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and ill-health followed him to the end, but the residence at Pisa agreed with him better than any other, and there in consequence we remained. ...
"We spent the summer at the baths of San Giuliano, four miles from Pisa. These baths were of great use to Shelley in soothing his nervous irritability. We made several excursions in the neighborhood. The country around is fertile, and diversified and rendered picturesque by ranges of near hills and more distant mountains. The peasantry are a handsome, intelligent race, and there was a gladsome sunny heaven spread over us, that rendered home and every scene we visited cheerful and bright.
"Our stay at the baths of San Giuliano was shortened by an accident. At the foot of our garden ran the canal that communicated between the Serchio and the Arno. The Serchio overflowed its banks, and breaking its bounds, this canal also overflowed; all this part of the country is below the level of its rivers, and the consequence was that it was speedily flooded. The rising waters filled the square of the baths, in the lower part of which our house was situated. The canal overflowed in the garden behind; the rising waters on either side at last burst open the doors, and meeting in the house, rose to the height of six feet. It was a picturesque sight at night to see the peasants driving the cattle from the plains below to the hills above the baths. A fire was kept up to guide them across the ford; and the forms of the men and the animals showed in dark relief against the red glare of the flame, which was reflected again in the waters that filled the square.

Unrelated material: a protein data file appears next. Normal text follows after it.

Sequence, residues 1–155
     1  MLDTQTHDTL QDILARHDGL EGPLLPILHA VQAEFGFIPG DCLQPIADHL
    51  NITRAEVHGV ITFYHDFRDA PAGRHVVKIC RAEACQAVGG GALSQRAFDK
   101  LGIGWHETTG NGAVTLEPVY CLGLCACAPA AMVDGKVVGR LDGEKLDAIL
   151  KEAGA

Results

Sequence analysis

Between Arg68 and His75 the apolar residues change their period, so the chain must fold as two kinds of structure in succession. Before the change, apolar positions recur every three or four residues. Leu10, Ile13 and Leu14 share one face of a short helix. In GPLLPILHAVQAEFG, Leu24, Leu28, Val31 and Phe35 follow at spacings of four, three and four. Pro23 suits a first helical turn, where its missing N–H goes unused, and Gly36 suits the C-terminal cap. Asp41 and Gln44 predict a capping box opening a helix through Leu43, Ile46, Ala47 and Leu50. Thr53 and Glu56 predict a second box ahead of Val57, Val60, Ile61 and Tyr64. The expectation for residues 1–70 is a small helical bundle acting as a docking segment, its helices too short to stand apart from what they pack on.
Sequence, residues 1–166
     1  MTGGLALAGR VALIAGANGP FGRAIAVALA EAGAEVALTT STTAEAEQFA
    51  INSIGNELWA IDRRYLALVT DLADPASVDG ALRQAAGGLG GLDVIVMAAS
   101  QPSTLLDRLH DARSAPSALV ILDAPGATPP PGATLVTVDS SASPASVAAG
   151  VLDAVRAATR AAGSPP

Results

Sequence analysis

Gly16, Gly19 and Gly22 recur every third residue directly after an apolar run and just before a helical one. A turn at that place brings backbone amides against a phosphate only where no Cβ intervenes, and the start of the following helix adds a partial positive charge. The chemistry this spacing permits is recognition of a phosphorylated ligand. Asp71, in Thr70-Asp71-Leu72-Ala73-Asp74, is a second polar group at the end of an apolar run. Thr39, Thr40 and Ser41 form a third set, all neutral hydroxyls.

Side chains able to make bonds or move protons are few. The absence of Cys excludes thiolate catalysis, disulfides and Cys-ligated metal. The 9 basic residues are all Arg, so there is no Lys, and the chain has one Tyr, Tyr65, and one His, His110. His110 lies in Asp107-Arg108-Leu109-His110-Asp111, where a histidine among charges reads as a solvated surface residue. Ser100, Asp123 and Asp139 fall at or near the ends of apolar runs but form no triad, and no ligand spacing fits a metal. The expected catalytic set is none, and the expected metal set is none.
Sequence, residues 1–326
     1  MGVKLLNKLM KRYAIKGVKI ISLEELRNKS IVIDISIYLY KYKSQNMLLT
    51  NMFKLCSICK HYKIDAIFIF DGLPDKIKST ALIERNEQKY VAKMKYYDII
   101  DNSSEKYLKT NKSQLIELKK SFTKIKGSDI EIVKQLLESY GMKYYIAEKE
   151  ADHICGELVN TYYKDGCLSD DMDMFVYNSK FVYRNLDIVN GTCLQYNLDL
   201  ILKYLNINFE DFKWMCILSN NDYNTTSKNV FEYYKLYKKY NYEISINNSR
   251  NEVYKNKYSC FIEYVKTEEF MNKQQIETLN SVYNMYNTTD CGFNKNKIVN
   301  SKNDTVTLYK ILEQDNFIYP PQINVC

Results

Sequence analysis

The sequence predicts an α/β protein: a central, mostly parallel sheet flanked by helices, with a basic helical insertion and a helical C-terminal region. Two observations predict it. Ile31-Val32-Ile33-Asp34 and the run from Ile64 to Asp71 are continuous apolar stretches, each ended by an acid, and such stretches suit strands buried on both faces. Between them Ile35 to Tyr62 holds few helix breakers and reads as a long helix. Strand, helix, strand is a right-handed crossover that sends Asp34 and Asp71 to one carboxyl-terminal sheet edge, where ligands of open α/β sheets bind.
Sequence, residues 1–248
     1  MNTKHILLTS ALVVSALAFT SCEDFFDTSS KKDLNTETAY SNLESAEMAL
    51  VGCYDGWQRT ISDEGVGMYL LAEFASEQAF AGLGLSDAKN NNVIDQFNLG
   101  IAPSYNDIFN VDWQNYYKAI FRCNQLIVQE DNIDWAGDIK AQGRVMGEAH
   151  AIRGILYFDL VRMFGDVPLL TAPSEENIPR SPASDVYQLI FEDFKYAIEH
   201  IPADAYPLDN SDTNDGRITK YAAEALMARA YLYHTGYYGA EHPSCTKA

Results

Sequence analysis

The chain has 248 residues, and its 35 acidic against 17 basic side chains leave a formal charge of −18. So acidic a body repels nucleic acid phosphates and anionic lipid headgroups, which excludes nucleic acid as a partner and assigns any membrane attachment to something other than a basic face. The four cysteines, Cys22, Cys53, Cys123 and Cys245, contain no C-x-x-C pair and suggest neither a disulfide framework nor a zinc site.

"We then removed to Pisa, and took up our abode there for the winter. The extreme mildness of the climate suited Shelley, and his solitude was enlivened by an intercourse with several intimate friends. Chance cast us, strangely enough, on this quiet, half-unpeopled town; but its very peace suited Shelley,—its river, the near mountains, and not distant sea, added to its attractions, and were the objects of many delightful excursions. We feared the south of Italy, and a hotter climate, on account of our child; our former bereavement inspiring us with terror. We seemed to take root here, and moved little afterwards; often, indeed, enter
taining projects for visiting other parts of Italy, but still delaying. But for our fears on account of our child, I believe we should have wandered over the world, both being passionately fond of travelling. But human life, besides its great unalterable necessities, is ruled by a thousand Liliputian ties, that shackle at the time, although it is difficult to account afterwards for their influence over our destiny." [Omitted passages bearing on particular poems are placed under these poems.]
246 The Sensitive Plant.